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Bagdogra’s foreign dreams run aground

Siliguri, June 10: The civil aviation ministry has gone back on its word to operate international flights through Bagdogra and uncertainty looms over the airport’s status now.

Though former civil aviation minister Shahnawaz Hussain promised to start international flights to and from Bagdogra, the airport catering to north Bengal and Sikkim, the flights are nowhere in sight.

In a recent letter to the East Himalayan Travel and Tour Operators’ Association, K. Ramakrishnan, an under-secretary in the civil aviation ministry, made it clear that “there is no proposal to declare Bagdogra as an international airport”.

Hussain, who lost the ministry to Rajiv Pratap Rudy in the recent Cabinet shake-up, had said last year that Air-India and Indian Airlines, the national carriers, could operate international flights from Bagdogra “even without the airport being declared international”.

Hussain said at the time that Air-India was “examining suitability” for its flights through Bagdogra. He said the Centre was keen to promote tourism in the Northeast, especially to draw the high-spending tourists from the West.

The promised Indian Airlines flight was to take off on October 27, 2002, on the Calcutta-Bagdogra-Kathmandu route, with a maximum of 119 passengers. The date came and went, but no international flights took off from Bagdogra.

“Regarding the operation of international flights, airlines decide on such operations based on their commercial judgement and availability of aircraft capacity. Granting international status to an airport depends upon traffic potential and demand,” Ramakrishnan said in his letter dated May 14.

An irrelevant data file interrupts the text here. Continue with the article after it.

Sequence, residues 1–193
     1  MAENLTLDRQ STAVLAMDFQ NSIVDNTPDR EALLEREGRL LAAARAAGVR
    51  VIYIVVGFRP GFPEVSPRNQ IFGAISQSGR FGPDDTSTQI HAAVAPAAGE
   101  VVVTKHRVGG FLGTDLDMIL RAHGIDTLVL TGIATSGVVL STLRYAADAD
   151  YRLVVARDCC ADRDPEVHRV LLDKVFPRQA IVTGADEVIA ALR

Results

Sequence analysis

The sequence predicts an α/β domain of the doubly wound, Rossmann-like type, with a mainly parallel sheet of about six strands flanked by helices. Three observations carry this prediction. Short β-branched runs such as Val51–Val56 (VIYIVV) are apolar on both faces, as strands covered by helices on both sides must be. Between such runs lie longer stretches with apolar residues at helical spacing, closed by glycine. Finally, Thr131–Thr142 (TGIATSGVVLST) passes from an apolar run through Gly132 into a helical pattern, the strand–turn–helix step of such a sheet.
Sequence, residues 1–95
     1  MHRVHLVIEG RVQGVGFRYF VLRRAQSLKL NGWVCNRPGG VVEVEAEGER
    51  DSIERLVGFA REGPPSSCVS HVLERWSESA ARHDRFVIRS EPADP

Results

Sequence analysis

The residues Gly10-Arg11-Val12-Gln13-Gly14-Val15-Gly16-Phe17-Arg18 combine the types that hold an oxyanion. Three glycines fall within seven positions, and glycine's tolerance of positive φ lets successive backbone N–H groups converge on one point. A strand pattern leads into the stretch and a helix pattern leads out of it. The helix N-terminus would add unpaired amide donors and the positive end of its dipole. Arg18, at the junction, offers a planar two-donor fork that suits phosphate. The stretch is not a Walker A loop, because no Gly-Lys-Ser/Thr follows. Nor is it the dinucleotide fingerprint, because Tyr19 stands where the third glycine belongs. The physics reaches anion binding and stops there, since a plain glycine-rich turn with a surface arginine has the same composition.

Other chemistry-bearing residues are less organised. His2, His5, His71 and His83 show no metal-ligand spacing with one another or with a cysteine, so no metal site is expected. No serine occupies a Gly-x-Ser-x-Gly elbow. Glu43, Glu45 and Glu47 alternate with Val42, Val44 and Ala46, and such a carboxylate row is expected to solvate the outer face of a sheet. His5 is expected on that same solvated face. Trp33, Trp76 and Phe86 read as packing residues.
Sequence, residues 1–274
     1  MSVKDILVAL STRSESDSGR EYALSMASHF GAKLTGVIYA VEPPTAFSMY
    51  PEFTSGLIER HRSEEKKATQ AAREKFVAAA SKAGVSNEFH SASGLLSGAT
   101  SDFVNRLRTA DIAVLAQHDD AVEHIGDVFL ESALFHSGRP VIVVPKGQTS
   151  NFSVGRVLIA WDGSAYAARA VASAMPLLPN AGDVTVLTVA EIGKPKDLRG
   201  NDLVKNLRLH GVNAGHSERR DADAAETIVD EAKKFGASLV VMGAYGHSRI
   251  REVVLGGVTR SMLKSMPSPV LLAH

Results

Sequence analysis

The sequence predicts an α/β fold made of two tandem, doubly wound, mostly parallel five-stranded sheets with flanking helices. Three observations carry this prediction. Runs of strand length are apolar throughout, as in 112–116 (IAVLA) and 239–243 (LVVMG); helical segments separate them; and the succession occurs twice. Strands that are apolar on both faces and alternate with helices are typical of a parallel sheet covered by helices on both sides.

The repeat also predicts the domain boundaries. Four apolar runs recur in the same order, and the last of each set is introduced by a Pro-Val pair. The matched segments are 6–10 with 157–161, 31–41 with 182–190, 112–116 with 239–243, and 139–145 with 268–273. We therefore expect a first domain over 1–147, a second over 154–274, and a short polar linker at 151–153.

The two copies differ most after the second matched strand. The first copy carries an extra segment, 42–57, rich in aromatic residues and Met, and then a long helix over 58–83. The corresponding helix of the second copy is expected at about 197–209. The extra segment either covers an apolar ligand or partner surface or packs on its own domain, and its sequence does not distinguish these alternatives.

“It is disgusting,” Supratim Basu, the tour operators’ association executive president, said even while remembering how thrilled they were when Hussain made the announcement last year.

“It was good news for local tourism, which would have benefited in a big way if international planes flew from Bagdogra. But our hopes have been dashed,” Basu said. He added that the association would write to the civil aviation and tourism ministries. “We will try to convince them again that declaring Bagdogra an international airport is the need of the hour.”

The Federation of Chambers of Commerce and Industry in North Bengal (Focin) has decided to “knock the doors of the authorities” once again.

“Our fight for an international status for Bagdogra has been on for over a decade,” Focin general secretary Biswajit Das said. “Last year, we had got a letter from the civil aviation ministry saying that international flights would soon start from here.”

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